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Tuberculosis

Tuberculosis is a chronic infection caused by the bacteria Mycobacterium tuberculosis(and occasionally other variants of Mycobacterium). It usually involves the lungs, but other organs of the body can also be involved.  TB most commonly affects the lungs but also can involve almost any organ of the body. Many years ago, this disease used to be called “consumption” because without effective treatment, these patients often would waste away. Today, of course, tuberculosis usually can be treated successfully with antibiotics.

Description of Tuberculosis

Today, tuberculosis (TB) tends to be concentrated among inner city dwellers, ethnic minorities and recent immigrants from areas of the world where the disease is still common. Alcoholics, who are often malnourished, are at high risk of developing the disease, as are people infected with HIV. It can occur anywhere, and no one is exempt from the threat of infection.

TB is caused by a germ that is transmitted from person to person by airborne droplets. Usually this infection is passed on as a result of very close contact, so family members of an infected person are endangered if the person continues to live in the same household and has not undergone proper treatment.  If an individual with active TB coughs or sneezes without covering the mouth and nose, droplets containing the tuberculosis germs are sprayed into the air and may be inhaled by anyone near the person. A tissue should always be used to cover the nose and mouth when coughing, sneezing or spitting, and hands should be washed promptly.

Symptoms of Tuberculosis

The first symptoms of an active case of TB may be so commonplace that they are often dismissed as the effects of a cold or flu. The individual may get tired easily, feel slightly feverish or cough frequently. It usually goes away by itself, but about in about half the cases, it will return.

For people who have the disease, TB can cause lung or pleural (the lining of the lung) disease or it may spread through the body via the blood. Often people do not seek the advice of a doctor until they have pronounced symptoms, such as pleurisy (a sharp pain in the chest when breathing deeply or coughing) or the spitting up of blood. Neither of these symptoms is solely of tuberculosis, but they should not be ignored. Other symptoms include fever, loss of appetite, weight loss and night sweats.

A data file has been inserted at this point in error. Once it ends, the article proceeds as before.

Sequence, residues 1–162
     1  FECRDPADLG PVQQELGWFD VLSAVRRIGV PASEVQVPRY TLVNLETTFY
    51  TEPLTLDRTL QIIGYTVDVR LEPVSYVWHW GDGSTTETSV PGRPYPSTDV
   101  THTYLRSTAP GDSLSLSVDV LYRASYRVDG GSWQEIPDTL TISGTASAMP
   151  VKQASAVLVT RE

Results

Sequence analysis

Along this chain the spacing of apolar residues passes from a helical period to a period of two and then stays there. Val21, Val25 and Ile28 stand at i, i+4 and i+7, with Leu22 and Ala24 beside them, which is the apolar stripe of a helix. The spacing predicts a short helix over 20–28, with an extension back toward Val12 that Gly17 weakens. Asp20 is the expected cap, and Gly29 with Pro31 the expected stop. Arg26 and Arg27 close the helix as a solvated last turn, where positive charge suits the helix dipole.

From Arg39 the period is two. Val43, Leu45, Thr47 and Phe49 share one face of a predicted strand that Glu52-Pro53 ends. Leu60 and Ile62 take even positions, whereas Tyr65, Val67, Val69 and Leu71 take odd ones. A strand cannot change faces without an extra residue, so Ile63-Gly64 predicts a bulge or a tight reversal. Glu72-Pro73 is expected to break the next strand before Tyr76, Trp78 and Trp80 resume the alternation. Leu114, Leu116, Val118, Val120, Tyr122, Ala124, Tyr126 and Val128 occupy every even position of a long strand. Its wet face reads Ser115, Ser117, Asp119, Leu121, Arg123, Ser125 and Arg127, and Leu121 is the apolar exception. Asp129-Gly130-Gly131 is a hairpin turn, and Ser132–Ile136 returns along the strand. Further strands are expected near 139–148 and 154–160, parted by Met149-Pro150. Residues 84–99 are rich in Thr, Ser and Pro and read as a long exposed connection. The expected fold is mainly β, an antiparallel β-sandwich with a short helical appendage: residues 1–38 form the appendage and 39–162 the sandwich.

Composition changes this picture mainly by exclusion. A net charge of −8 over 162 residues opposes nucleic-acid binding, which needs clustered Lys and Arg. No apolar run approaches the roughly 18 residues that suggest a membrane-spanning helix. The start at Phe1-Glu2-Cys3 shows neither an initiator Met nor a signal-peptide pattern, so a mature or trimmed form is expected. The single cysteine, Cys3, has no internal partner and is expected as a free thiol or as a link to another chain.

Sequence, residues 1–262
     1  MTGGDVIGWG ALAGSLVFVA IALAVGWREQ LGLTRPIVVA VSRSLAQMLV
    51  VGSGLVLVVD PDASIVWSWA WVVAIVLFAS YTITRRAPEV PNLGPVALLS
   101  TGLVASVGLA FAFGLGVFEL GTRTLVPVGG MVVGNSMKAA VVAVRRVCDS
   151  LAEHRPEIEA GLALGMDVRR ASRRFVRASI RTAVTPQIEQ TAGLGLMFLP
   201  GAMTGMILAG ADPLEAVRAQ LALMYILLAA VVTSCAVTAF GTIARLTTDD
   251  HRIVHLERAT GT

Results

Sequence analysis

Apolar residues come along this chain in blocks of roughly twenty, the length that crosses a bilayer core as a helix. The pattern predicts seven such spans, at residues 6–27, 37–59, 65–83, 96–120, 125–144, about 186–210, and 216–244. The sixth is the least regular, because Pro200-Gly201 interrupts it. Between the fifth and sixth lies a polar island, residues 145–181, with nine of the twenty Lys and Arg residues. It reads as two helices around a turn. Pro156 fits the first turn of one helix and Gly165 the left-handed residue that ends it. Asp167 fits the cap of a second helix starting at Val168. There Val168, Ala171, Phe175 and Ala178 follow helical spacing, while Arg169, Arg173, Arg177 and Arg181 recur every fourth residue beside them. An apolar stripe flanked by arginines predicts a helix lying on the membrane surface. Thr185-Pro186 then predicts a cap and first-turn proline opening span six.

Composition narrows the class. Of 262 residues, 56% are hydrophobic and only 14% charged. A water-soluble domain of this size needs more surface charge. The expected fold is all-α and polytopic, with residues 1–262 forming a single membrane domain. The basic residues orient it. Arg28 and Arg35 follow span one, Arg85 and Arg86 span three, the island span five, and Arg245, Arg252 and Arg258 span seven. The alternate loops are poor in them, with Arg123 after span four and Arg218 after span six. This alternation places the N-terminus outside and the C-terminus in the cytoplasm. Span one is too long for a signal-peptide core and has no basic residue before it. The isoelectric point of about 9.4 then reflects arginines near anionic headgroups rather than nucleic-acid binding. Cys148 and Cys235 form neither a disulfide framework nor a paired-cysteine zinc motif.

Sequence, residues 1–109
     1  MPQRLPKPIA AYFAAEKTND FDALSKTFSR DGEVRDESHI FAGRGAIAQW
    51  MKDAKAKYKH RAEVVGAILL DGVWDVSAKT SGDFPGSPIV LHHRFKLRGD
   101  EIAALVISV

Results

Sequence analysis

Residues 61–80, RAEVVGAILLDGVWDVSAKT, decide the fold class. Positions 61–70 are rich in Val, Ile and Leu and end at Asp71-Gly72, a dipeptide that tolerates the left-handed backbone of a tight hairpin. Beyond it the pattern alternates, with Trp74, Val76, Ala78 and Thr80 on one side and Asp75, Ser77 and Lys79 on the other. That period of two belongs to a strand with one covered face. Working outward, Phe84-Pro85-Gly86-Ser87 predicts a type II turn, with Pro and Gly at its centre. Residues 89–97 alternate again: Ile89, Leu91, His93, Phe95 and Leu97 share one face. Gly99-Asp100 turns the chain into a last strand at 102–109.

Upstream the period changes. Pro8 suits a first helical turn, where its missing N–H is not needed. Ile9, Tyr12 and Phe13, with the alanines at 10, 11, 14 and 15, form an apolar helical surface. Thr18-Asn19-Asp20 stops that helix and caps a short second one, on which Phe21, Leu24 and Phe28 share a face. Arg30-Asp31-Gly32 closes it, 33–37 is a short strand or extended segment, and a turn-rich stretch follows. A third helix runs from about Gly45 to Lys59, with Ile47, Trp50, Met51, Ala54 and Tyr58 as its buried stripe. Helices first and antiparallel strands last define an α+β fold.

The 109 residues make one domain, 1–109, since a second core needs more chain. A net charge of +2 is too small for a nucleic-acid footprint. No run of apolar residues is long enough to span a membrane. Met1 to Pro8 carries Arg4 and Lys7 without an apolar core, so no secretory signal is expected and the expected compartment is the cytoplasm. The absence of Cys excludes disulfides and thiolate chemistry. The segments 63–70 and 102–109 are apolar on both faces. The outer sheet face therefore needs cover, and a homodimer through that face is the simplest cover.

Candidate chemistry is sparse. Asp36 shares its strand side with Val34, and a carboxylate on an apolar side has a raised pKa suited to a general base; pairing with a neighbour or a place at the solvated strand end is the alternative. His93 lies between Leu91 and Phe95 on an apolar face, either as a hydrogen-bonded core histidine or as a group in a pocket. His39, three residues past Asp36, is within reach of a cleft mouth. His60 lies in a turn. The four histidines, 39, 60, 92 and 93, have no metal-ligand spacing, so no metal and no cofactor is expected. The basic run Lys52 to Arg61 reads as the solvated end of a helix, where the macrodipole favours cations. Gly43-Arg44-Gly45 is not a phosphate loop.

TB infection usually occurs initially in the upper part (lobe) of the lungs. The body’s immune system, however, can stop the bacteria from continuing to reproduce. Thus, the immune system can make the lung infection inactive (dormant). On the other hand, if the body’s immune system cannot contain the TB bacteria, the bacteria will reproduce (become active or reactivate) in the lungs and spread elsewhere in the body.

It may take many months from the time the infection initially gets into the lungs until symptoms develop. The usual symptoms that occur with an active TB infection are a generalized tiredness or weakness, weight loss, fever, and night sweats. If the infection in the lung worsens, then further symptoms can include coughing, chest pain, coughing up of sputum (material from the lungs) and/or blood, and shortness of breath. If the infection spreads beyond the lungs, the symptoms will depend upon the organs involved.

A person can become infected with tuberculosis bacteria when he or she inhales minute particles of infected sputum from the air. The bacteria get into the air when someone who has a tuberculosis lung infection coughs, sneezes, shouts, or spits (which is common in some cultures). People who are nearby can then possibly breathe the bacteria into their lungs. You don’t get TB by just touching the clothes or shaking the hands of someone who is infected. Tuberculosis is spread (transmitted) primarily from person to person by breathing infected air during close contact.

There is a form of tuberculosis, however, that is transmitted by drinking unpasteurized milk. Related bacteria, called Mycobacterium bovis, cause this form of TB. Previously, this bacteria was a major cause of TB in children, but it rarely causes TB now since most milk is pasteurized (a heating process that kills the bacteria).

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